Blacksmith (300 sp) : Each stronghold requires a blacksmith, which can care for up to two companies (40 troopers) and their horses. Every additional cohort (100 men) requires an additional blacksmith. Other than making the usual ironware (horseshoes, nails, hinges, etc) they can turn-out a handful of lesser goods used in combat, such as arrow-heads, spear-heads or other simple weapons. Each blacksmith requires a workshop of the usual cost of 400 gp, plus an appropriate space to use for their work.
Engineer (1000 sp) : There are typically three different types of engineers; Architects, Artillerists, and Miner. Architects deal with above-ground construction and fortifications, Artillerists specialize in the use of siege artillery, and Miners deal with underground construction and tunneling and siege operations.
Jeweler (1000 sp) : Generally consulted for appraisals of precious metals and gems, jewelers also set stones into various items and fashion jewelry. They typically only require a space to work, as they require little beyond their own tools.
Sage (2000 sp) : Typically hired by mages and higher level rulers for their knowledge of a field of study, and often their access to rare books and lore. Most require the acquisition of other rare tomes to complete their research, and establishing a library sufficient for a sage to use, can prove ruinous. A typical starting library costs 200,000 sp and most research can require about 1000 sp to acquire rare tomes or other valuable texts to complete. As a result, very few people maintain sages.
Scribe (150 sp) : Principally a personal secretary or copyist, scribes record a wide variety of information for their employers, though never anything of a magical nature. Cartographers are a specialist scribe, and are appreciably rare and more expensive. Some scribes are hired for their knowledge of languages and others for their knowledge of ciphers, but are equally rare.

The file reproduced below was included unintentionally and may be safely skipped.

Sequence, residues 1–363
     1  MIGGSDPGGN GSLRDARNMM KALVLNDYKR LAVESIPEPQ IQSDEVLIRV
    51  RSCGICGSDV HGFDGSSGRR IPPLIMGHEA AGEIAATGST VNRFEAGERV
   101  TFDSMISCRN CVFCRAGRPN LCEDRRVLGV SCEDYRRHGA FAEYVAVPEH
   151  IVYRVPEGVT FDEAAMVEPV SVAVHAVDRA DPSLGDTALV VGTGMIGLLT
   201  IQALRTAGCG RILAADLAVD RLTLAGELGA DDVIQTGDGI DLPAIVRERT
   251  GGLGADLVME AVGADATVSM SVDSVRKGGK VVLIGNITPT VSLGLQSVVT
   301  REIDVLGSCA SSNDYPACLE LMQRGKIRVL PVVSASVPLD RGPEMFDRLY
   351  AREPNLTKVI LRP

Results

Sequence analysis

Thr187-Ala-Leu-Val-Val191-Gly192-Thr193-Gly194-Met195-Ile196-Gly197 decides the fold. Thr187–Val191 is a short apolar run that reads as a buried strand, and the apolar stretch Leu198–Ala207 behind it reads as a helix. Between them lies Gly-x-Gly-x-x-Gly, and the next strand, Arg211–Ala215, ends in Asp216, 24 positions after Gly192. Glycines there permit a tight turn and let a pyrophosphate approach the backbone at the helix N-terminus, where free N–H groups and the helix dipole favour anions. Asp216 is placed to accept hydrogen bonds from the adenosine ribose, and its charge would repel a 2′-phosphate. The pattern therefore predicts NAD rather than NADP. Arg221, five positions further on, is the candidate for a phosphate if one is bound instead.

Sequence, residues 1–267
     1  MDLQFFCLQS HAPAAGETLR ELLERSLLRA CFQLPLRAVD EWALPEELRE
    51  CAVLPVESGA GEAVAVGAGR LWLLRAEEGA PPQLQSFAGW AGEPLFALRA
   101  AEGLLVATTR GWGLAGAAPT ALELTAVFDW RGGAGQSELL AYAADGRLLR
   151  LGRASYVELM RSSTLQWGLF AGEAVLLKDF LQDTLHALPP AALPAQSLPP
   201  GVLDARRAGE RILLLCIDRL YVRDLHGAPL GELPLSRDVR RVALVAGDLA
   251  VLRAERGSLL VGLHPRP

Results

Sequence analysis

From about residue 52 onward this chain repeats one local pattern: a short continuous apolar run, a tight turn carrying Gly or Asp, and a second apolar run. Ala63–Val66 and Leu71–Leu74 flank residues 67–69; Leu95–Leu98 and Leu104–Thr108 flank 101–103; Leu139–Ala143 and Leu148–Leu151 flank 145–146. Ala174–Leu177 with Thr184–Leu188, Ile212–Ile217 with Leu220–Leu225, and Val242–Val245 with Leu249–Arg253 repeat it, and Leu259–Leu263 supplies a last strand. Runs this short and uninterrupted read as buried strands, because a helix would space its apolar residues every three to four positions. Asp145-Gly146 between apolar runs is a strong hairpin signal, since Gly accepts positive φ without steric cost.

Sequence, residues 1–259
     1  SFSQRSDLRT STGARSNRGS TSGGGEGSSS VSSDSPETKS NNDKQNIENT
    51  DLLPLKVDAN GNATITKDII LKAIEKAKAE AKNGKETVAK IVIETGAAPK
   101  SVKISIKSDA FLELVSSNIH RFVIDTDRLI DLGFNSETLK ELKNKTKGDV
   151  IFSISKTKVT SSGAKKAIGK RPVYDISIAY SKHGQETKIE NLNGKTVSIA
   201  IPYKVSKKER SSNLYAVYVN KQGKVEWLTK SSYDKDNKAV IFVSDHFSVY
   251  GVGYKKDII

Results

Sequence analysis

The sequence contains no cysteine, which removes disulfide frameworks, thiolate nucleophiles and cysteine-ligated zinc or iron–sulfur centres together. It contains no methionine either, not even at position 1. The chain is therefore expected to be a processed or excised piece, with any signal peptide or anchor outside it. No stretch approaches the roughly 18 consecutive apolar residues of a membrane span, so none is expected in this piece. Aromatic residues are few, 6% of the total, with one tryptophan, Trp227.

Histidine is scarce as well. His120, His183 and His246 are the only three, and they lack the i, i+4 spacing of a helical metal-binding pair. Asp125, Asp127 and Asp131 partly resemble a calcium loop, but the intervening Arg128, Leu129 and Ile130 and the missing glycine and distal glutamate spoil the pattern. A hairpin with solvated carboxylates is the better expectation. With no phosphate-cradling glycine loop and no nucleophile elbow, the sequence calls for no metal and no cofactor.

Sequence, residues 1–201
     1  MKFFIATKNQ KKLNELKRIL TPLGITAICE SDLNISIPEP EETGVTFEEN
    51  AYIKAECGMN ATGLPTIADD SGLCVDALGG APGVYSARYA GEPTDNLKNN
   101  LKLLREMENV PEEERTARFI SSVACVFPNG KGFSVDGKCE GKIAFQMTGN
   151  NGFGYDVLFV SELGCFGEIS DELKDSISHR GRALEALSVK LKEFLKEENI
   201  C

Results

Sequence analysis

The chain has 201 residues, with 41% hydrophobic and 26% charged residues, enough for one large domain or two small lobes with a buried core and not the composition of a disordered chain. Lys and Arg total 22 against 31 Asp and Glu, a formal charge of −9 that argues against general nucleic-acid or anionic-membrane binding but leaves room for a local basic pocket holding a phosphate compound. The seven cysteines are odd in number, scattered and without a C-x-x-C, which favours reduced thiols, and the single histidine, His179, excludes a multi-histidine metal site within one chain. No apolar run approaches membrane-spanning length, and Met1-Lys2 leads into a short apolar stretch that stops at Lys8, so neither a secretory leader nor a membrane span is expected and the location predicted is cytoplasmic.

Ship Crew (20 -50 sp) : Ship’s crew vary as the needs of the vessel and the waters they serve in. Sailors (20 sp) never wear armor, but use most any weapon for their defense. Oarsmen (50 sp) are considered free men (not slaves), often wear armor, use shields, and use most any weapon. Marines (30 sp) are soldiers who serve aboard a ship for its defense, but often use heavier weapons and armor.
Ship Master (1000 sp) : Covering a broad category of individuals to operate a vessel, they include river and lake masters, and the often-popular sea-going commanders. For every 20 crew, a ship master is required, and are often rewarded with a share of any prize or treasure taken aboard their vessel.
Spy (1000 sp) : For general service, a spy serves their master as an informant, poking into the activities of rivals and otherwise keeping tabs on their master’s enemies. For specific or dangerous missions, a spy will often be offered far more as a reward, including lands and titles.
Steward/Castellan (2000 sp) : Overseeing a castle or fortress, a steward/castellan is often a mercenary knight who ensures their charge is sufficiently garrisoned, has ample food/water reserves, oil, and that it is kept in good repair. Ultimately they must maintain these things at the expense of their master, which comes from the standard support costs of the stronghold, though they ensure such funds are properly invested.
Weapon Smith (1000 sp) : a smith-armorer who specializes in the manufacture of arms. Bowyers fashion all sorts of bows and crossbows, and their missiles. Swordsmiths specialize in swords and daggers. Weaponers are generalists, who make the broad spectrum of all weapons. All weapon smiths require a typical workshop for 400 gp, and the space to work, and at least one is required for every 80 troopers (four companies) under one’s employ. Spare time can be used for the manufacture of extra weapons. Many lords cannot afford their own weapon smith, making them very valuable hirelings.
The likelihood of encountering any given soldier varies. Soldiers can be hired for short-term tasks and campaigns, but tend to charge far more due to the risk involved; typically a month’s wages every day. Such soldiers are scarce, though some day soldiers can be found in larger communities, hiring themselves for simple guard duty.